Mother Goose, 1695 

The Serenity Prayer was taken from Mother Goose—who knew? Thanks to the friend who sent this rendition to me. With a second close friend having open heart surgery tomorrow and the recent deaths of two others, I’ve offered this prayer/rhyme frequently. I pray that the surgeon will do his/her best and for the patient’s speedy recovery, of course, but then I let it go.

I often blog about worry and the effects of worry because I’ve noticed that it’s a common malady. I have the opportunity to practice what I preach during the next 10 days as we embark on a cruise at the height of the hurricane season with a house on an island in the Gulf. We are living on the edge a bit but decisions have been made, the weather is going to do what’s it’s going to do, and I’m going to have FUN.

Affirmation: I know worrying is futile.

Coaching questions: What helps you curb your worrying? 

P.S. I will blog during my travels. I’m hoping the Internet is stable.

Put Your Worries On Pause

Worry does not empty tomorrow of its sorrow, it empties today of its strength. Corrie ten Boom, Dutch watchmaker and Christian who helped many Jews escape the Nazi Holocaust. Subject of the book and movie, The Hiding Place.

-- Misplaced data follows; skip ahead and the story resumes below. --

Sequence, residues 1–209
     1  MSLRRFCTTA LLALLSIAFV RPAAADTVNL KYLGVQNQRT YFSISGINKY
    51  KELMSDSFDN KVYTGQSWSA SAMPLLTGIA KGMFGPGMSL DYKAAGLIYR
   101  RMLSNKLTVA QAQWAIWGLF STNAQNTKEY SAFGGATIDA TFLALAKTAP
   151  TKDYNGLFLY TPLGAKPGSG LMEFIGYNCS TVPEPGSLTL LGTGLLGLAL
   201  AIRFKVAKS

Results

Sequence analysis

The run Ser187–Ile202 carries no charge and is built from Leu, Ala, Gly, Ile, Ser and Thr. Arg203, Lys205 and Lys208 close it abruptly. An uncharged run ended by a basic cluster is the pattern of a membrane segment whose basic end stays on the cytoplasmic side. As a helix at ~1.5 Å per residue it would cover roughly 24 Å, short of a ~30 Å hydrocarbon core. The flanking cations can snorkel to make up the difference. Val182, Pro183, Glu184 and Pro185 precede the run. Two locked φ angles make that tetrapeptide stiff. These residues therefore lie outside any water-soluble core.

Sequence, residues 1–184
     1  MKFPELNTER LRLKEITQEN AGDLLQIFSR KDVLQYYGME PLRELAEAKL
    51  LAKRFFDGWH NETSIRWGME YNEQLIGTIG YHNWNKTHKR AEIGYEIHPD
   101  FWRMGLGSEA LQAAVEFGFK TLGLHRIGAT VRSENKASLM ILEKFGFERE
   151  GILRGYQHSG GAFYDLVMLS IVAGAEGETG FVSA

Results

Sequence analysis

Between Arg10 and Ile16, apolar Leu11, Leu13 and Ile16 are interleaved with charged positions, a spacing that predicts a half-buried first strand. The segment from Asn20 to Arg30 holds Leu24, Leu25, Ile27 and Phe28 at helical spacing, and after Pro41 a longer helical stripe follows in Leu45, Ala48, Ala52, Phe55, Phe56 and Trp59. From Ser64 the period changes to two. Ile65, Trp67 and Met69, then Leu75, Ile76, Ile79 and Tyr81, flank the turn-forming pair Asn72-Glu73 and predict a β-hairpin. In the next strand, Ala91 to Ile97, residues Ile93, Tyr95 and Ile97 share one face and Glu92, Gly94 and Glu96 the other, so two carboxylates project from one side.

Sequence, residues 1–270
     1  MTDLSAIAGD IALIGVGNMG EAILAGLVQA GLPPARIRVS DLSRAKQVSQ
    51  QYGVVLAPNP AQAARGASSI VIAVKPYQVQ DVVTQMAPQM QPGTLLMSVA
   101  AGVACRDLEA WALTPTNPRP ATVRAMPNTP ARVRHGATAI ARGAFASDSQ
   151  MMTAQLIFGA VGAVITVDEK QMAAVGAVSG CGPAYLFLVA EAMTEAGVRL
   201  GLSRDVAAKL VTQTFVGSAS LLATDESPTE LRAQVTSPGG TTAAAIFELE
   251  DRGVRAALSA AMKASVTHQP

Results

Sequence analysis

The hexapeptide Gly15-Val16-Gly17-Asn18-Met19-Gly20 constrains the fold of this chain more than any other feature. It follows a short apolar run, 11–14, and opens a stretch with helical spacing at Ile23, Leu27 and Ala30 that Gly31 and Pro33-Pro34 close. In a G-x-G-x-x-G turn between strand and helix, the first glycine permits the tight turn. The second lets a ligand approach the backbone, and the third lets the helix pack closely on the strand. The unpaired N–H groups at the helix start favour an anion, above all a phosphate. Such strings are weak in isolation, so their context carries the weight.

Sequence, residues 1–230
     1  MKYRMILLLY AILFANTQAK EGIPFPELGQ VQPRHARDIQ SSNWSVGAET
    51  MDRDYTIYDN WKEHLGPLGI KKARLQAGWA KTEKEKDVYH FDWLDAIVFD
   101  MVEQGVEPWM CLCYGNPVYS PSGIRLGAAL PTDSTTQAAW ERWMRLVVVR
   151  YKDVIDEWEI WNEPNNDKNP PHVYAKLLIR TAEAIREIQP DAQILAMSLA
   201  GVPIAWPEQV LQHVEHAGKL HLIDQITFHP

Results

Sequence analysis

According to Robert Leahy, PhD, director of The American Institute for Cognitive Therapy, “When we don’t know how something will work out, we worry in order to get certainty.” And yet, studies have found that 85% of things people fretted about had neutral or positive outcomes. 

To calm your anxiety, throw yourself into something you can control or accomplish like laundry or calls to friends or pulling weeds. You’ll feel good in the present due to your accomplishment and, in the meantime, you will have put your worries on pause.

Affirmation: The outcome will be positive.

Coaching questions: If you have an immediate worry, what can you do to push the pause button? Think back to some of the circumstances you’ve worried about in the past. What were the actual outcomes?